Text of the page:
May 2008
Volume 49, Issue 13
Free
ARVO Annual Meeting Abstract  |   May 2008
Potential of Adult Mesenchymal Stem Cells for Ocular Surface Reconstruction
Author Affiliations & Notes
  • E. M. Martinez-Conesa
    Department of Cell Biology, University of Barcelona, Barcelona, Spain
    Transplant Services Foundation, Corporació Sanitària Clínic, Barcelona, Spain
  • N. Otero
    Transplant Services Foundation, Corporació Sanitària Clínic, Barcelona, Spain
  • A. Adán
    Instituto Clínic de Oftalmologia, Hospital Clínic de Barcelona, Barcelona, Spain
  • E. Trías
    Transplant Services Foundation, Corporació Sanitària Clínic, Barcelona, Spain
  • M. Reina
    Department of Cell Biology, University of Barcelona, Barcelona, Spain
  • R. P. Casaroli-Marano
    Department of Cell Biology, University of Barcelona, Barcelona, Spain
    Transplant Services Foundation, Corporació Sanitària Clínic, Barcelona, Spain
  • Footnotes
    Commercial Relationships  E.M. Martinez-Conesa, None; N. Otero, None; A. Adán, None; E. Trías, None; M. Reina, None; R.P. Casaroli-Marano, None.
  • Footnotes
    Support  FIS Grant PI05/1016; FIS Grant PI05/1245; Grant 2007 by Societat Catalana d'Oftalmologia
Investigative Ophthalmology & Visual Science May 2008, Vol.49, 6078. doi:https://doi.org/
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    • Get Citation

      E. M. Martinez-Conesa, N. Otero, A. Adán, E. Trías, M. Reina, R. P. Casaroli-Marano; Potential of Adult Mesenchymal Stem Cells for Ocular Surface Reconstruction. Invest. Ophthalmol. Vis. Sci. 2008;49(13):6078. doi: https://doi.org/.

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      © ARVO (1962-2015); The Authors (2016-present)

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Abstract

Purpose: : The use of stem cells is promising for future cell-based therapies such as tissue regeneration and engineering. Mesenchymal stem cells (MSCs) derived from adult human adipose tissue (PLA cells) manifest multilineage differentiation capacity. However, their plasticity to differentiate into epithelial characteristics still remains little well-known. The corneal epithelium is maintained by limbal stem cells. Transplantation of autologous corneal stem cells it is not possible in several cases in which bilateral disease produces total corneal stem-cell deficiency. For this reason, the use of autologous MSCs derived from adult human adipose tissue as a source of cells for the ocular surface reconstruction is being studied.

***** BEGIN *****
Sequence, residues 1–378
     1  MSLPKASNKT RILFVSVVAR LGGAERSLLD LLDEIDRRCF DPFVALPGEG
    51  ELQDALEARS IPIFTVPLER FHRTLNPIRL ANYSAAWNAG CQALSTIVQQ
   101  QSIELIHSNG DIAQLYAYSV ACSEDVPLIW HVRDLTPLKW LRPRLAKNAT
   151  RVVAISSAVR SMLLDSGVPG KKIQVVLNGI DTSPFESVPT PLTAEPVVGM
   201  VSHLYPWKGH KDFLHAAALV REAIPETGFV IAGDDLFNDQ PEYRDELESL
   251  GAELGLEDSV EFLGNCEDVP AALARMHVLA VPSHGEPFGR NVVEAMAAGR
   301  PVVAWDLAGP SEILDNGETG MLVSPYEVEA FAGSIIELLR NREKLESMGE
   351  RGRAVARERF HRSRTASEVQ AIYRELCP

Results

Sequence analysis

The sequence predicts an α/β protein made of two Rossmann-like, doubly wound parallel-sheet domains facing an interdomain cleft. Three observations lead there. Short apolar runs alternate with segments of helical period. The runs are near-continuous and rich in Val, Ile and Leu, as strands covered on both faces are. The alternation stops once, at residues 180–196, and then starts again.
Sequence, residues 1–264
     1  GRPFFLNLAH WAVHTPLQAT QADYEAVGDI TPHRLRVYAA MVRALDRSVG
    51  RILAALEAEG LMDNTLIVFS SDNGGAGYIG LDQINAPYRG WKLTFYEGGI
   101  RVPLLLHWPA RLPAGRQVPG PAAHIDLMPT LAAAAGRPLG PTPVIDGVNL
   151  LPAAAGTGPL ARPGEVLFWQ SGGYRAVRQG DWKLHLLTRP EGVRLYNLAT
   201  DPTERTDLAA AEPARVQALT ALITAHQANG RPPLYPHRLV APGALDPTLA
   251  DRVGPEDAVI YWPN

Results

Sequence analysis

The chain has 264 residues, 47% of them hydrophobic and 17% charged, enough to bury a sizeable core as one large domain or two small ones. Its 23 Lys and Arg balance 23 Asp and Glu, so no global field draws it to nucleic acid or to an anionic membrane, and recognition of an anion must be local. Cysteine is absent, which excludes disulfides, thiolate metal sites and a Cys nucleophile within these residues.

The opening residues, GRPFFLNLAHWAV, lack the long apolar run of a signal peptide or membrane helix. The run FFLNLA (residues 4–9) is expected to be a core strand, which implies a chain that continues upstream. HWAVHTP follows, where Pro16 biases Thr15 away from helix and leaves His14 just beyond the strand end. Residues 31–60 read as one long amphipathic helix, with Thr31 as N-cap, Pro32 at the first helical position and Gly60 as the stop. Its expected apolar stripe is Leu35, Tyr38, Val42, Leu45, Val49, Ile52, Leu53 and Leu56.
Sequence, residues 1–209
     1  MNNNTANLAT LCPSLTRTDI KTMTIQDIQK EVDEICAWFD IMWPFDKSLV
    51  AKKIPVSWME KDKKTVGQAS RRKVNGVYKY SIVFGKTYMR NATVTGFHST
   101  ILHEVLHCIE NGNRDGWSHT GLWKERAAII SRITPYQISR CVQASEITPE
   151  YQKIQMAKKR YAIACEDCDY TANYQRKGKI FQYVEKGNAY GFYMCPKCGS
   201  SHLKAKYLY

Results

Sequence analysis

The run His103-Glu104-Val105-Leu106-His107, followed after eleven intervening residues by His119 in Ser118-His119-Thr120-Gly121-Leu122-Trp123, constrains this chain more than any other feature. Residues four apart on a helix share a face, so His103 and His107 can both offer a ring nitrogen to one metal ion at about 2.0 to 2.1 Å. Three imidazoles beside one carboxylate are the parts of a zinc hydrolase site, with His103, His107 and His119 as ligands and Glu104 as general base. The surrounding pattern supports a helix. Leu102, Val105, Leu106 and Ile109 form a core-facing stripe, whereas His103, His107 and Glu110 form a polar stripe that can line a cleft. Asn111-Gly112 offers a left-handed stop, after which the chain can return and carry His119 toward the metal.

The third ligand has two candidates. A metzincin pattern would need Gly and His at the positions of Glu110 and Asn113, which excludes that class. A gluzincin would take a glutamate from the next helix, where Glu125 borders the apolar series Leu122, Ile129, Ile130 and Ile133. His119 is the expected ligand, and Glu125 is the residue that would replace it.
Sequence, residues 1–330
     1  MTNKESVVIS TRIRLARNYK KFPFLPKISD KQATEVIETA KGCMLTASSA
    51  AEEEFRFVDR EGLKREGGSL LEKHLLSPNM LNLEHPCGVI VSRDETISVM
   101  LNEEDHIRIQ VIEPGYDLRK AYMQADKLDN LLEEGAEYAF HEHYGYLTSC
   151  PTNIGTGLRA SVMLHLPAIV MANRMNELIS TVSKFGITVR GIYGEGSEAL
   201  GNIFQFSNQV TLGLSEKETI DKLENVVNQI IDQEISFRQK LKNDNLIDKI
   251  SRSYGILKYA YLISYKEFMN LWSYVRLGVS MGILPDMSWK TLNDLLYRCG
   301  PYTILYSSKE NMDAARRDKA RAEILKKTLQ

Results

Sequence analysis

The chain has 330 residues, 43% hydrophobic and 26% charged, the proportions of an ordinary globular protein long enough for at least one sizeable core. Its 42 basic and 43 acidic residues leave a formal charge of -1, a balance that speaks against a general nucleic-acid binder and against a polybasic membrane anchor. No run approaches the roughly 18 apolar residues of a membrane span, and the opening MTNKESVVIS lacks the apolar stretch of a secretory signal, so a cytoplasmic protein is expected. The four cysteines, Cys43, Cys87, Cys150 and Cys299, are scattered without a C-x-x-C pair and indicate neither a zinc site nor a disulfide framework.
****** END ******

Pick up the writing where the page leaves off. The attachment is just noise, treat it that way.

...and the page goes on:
Methods: : The clonogenic ability of MSCs, as well as assays of adhesion and proliferation within different matrices, has been studied. Cell population distribution has been also compared. Different markers have been analyzed by immunostaining and flow cytometry methods. Human corneal epithelial cells (HCE) were used as control for specific markers.

Results: : According to adhesive proprieties, two subpopulations (fast and slow adhesion cells) of adult MSCs were isolated from lipoaspirates. Differential patterns of adhesion and proliferation and low colony-formation efficiency were observed. Some differences were shown in adhesion and proliferation assays using several extracellular matrix proteins as coating. In slow adhesion cells (SN2), type I collagen and fibronectin improved adhesion whereas type IV collagen and laminin association improved proliferation state. Laminin presented a negative selection action. CD34, CD90, keratin 3/12 and vimentin were positive for both subpopulations. E-cadherin, keratin 1/5/10/14, p63 and ABCG2 were negative or scantly positive.

Conclusions: : Adult MSCs could be a potential cell type for ocular surface regenerative medicine, and the expression of keratin 3/12 in PLA cells subpopulations may support the hypothesis of its differentiation to corneal epithelial-like cells.

Keywords: cornea: epithelium • differentiation • regeneration 
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